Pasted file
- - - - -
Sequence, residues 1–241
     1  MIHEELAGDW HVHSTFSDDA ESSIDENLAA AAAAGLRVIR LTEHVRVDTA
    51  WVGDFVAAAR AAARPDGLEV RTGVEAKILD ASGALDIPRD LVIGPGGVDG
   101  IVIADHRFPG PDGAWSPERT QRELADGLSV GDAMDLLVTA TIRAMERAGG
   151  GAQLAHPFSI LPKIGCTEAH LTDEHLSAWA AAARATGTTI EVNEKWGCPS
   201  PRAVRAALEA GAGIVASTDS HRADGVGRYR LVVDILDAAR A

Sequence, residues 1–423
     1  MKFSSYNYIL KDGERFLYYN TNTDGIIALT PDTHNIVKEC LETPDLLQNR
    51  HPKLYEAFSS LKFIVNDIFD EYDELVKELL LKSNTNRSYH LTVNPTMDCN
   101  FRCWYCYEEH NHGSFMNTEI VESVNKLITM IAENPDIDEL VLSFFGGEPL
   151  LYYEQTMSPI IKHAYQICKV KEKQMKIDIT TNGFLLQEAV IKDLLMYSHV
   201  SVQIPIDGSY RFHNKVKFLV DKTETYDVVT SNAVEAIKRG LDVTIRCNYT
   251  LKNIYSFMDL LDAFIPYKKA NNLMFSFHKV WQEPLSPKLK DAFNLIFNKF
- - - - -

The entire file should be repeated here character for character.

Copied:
Sequence, residues 1–241
     1  MIHEELAGDW HVHSTFSDDA ESSIDENLAA AAAAGLRVIR LTEHVRVDTA
    51  WVGDFVAAAR AAARPDGLEV RTGVEAKILD ASGALDIPRD LVIGPGGVDG
   101  IVIADHRFPG PDGAWSPERT QRELADGLSV GDAMDLLVTA TIRAMERAGG
   151  GAQLAHPFSI LPKIGCTEAH LTDEHLSAWA AAARATGTTI EVNEKWGCPS
   201  PRAVRAALEA GAGIVASTDS HRADGVGRYR LVVDILDAAR A

Sequence, residues 1–423
     1  MKFSSYNYIL KDGERFLYYN TNTDGIIALT PDTHNIVKEC LETPDLLQNR
    51  HPKLYEAFSS LKFIVNDIFD EYDELVKELL LKSNTNRSYH LTVNPTMDCN
   101  FRCWYCYEEH NHGSFMNTEI VESVNKLITM IAENPDIDEL VLSFFGGEPL
   151  LYYEQTMSPI IKHAYQICKV KEKQMKIDIT TNGFLLQEAV IKDLLMYSHV
   201  SVQIPIDGSY RFHNKVKFLV DKTETYDVVT SNAVEAIKRG LDVTIRCNYT
   251  LKNIYSFMDL LDAFIPYKKA NNLMFSFHKV WQEPLSPKLK DAFNLIFNKF